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Notes on...

The Himalayas

As the aircraft descends into the high altitude military airport at Leh, the first glimpse of the Himalayan Kingdom of Ladakh is nothing short of awe-inspiring. Situated on an 11,500ft high desert plateau, and sometimes known as ‘Little Tibet’, Ladakh has remained immune from the Chinese and Kashmiri territorial conflict. It maintains one of the most intact Tantric Buddhist societies left on earth. A journey through this stunning kingdom should be on every serious traveller’s list and it is now possible to stay in a series of fully staffed private houses dotted across the Indus valley.

Ladakh reached the pinnacle of its power in the mid-17th century under King Sengge Namgyal (‘Victorious Lion’) when the kingdom stretched from Skardu (now in Pakistan-administered Kashmir) to the border of Tibet. Although plundering raids by Muslims from Central Asia had weakened the state in the 16th century, the king set about restoring its power by rebuilding numerous gompas and shrines, the most famous being the monastery at Hemis. Under his son Delegs Namgyal’s rule, the kingdom crumbled and the king himself was forced to become a Muslim in return for accepting support from the Mughal army.


My own journey commenced with an introduction to religious life at Likhir Monastery, established in 1065 and currently inhabited by 120 monks of the Gelugpa sect of Tibetan Buddhism. From there, it was a gentle walk down the valley for two and a half hours before we arrived at an apricot orchard, where a sumptuous picnic lunch had been set up in the shade of an old tree. Later on at Alchi monastery, the red-robed novice monks provided additional entertainment by inventing a game which involved hurling a yellow balloon across a small courtyard… until they were chastised by an angry abbot.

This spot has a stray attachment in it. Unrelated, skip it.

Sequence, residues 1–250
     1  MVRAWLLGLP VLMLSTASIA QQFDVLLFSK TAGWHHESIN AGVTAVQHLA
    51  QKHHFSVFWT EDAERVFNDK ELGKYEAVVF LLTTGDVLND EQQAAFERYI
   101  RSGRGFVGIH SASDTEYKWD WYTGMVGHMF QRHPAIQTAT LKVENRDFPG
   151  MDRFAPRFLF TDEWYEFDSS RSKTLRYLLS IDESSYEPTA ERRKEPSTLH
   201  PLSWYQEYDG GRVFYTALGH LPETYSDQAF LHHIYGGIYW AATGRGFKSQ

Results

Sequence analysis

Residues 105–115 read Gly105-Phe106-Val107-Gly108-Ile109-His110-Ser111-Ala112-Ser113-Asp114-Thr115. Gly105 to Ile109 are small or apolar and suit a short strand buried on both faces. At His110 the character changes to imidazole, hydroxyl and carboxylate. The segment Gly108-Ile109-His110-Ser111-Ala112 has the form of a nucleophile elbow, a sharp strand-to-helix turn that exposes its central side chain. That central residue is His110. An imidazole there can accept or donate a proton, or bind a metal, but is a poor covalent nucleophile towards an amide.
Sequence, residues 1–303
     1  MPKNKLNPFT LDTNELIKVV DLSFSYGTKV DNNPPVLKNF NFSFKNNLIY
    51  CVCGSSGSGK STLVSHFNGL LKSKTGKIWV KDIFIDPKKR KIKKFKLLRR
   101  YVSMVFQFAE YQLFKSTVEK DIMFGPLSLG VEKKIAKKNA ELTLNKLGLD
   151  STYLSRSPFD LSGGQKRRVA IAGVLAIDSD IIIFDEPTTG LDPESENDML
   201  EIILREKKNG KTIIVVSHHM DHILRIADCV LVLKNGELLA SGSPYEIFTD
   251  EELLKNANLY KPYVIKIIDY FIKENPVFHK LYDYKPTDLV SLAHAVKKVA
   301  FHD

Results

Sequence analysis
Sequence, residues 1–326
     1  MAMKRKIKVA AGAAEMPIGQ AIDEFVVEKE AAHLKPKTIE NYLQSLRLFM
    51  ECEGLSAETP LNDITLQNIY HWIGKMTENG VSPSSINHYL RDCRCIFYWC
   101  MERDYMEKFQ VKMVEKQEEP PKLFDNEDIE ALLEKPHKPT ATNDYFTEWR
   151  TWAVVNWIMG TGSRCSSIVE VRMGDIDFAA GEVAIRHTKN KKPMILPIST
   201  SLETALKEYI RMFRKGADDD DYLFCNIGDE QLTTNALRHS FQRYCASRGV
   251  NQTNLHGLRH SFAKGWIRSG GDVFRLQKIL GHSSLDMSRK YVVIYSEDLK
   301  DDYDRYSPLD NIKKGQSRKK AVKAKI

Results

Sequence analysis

A drive up the Zanskar valley to the tiny and beautiful village of Chilling saw a visit to the wizened local blacksmith. Together with his sons, he has a small forge producing rough-hewn copper teapots and teaspoons, the former being valued by him at $300, ensuring that no sales were forthcoming or even likely. From the village it is possible to raft back down the valley on the Grade III waters of the Zanskar river, with 1,000ft cliffs rising majestically on either side.

On the return journey, we passed the remains of the magnificent fort at Basgo, the ancient capital. Here in the 1680s the Ladakhi army held out for three years against Mongol invaders.

The delightful houses, coupled with the extraordinary history and magnificent scenery, mean that a journey through Ladakh has no equal. Most importantly, it is also tangibly restorative — and for anyone suffering overwork or stress, it is simply the perfect antidote, not least as there are no wireless or mobile signals.

George Morgan-Grenville is CEO of the travel company Red Savannah (01242 787800, redsavannah.com). Exclusively for Spectator readers: enjoy a complimentary room upgrade at the Imperial Hotel in Delhi when booking Red Savannah’s Ladakh Village Experience.


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